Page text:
Illusion by Jean Ross Ewing/Julia Ross.
What tickled me: The hero puts on a show by publically milking a cow at an orgy — while he’s secretly desperately ill from poison! (There is also method in his madness, though it turned out that milk couldn’t neutralize the poison.)
What ticked me off: Nymphomaniacally evil villainess. Pathetically homosexual villains. Virgin courtesan heroine. Mystical Indian philosophy. Interestingly, by the end I felt that the author had mostly redeemed or transcended these cliches.
Who might like it: The spy/intrigue plot is somewhat Joanna Bourne-ish.
This took a while to grow on me and I considered DNF-ing it at one point. Ross tends towards subtlety, secrets, and surprises and although her writing is always lovely, sometimes it coalesces perfectly and sometimes the reader winds up feeling left out of the play. But I did eventually end up liking this quite a bit, because the characters are so complex, and because it does move beyond what seems initially like a cliche-fest. For one example, Frances, who has been trained in an Indian harem, comes to realize that how little she truly understands of what she learned:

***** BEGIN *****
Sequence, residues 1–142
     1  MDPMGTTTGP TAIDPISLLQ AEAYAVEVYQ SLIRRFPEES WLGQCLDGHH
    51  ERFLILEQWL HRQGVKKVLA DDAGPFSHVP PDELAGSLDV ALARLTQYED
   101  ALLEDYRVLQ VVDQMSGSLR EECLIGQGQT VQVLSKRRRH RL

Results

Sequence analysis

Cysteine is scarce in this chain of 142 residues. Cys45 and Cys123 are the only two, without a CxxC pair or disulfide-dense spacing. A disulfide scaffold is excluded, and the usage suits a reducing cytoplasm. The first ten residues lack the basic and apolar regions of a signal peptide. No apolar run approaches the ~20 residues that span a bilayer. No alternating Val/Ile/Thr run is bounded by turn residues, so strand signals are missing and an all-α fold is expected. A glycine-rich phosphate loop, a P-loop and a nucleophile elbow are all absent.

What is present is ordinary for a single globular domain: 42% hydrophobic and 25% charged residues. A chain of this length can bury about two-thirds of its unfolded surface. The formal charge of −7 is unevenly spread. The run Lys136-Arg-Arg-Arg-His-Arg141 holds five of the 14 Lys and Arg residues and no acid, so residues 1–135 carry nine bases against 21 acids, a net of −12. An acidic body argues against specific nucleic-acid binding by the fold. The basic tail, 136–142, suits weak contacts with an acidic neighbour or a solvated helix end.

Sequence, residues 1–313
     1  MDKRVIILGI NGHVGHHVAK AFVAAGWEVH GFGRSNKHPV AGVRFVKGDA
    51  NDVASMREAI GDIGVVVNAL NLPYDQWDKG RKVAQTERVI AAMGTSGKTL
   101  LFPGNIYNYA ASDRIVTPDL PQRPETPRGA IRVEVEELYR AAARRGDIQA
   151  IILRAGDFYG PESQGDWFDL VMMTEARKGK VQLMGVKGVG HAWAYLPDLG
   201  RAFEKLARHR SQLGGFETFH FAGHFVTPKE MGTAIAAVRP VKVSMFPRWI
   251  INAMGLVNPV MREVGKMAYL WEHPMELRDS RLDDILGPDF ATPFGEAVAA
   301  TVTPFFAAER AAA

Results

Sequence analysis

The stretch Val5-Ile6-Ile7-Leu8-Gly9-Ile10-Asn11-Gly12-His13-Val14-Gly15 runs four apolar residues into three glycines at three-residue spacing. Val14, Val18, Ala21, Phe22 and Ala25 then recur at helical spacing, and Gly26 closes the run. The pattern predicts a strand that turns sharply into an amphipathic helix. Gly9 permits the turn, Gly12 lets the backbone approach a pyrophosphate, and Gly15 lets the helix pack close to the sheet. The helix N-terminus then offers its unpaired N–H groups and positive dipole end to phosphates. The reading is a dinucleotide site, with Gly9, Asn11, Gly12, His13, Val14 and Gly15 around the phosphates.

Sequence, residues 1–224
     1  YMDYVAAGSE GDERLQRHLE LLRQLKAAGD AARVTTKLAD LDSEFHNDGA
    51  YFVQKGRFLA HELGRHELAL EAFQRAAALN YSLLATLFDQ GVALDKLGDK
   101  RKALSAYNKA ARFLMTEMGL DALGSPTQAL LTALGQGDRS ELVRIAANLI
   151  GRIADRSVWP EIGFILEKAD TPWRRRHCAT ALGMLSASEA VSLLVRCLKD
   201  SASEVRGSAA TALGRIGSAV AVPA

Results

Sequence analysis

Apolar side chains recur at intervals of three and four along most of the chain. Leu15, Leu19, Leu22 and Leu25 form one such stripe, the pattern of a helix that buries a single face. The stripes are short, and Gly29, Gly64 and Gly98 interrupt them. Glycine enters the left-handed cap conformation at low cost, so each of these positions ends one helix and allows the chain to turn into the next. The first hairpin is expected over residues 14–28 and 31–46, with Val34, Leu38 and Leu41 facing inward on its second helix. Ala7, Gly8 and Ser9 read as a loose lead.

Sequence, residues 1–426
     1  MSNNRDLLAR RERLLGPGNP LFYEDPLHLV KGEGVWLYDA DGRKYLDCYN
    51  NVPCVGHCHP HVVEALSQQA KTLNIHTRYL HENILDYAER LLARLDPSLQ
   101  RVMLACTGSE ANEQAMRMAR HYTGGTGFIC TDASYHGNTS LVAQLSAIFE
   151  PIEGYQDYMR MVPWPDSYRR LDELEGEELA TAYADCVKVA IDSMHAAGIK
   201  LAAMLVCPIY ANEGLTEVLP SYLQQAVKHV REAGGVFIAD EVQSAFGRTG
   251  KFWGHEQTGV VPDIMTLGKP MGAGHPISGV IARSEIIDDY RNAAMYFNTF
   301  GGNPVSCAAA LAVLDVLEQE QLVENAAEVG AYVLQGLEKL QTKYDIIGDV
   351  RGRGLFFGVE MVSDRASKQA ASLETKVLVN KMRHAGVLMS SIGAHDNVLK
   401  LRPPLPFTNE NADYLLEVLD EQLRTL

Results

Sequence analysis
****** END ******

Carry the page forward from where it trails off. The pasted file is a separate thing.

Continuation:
“You said my philosophy was shallow. You were right. It was just a glimpse of a splendid richness distorted by my own narrow preconceptions. There are centuries of learning and culture behind sacred texts. What could I understand of them?”
Tangentially, this book likely inspired a scene from To Have and to Hold by Patricia Gaffney. (One involving bonds made of flowers.) The premise of the scene is so similar, I was relieved to see that the actual text is completely different.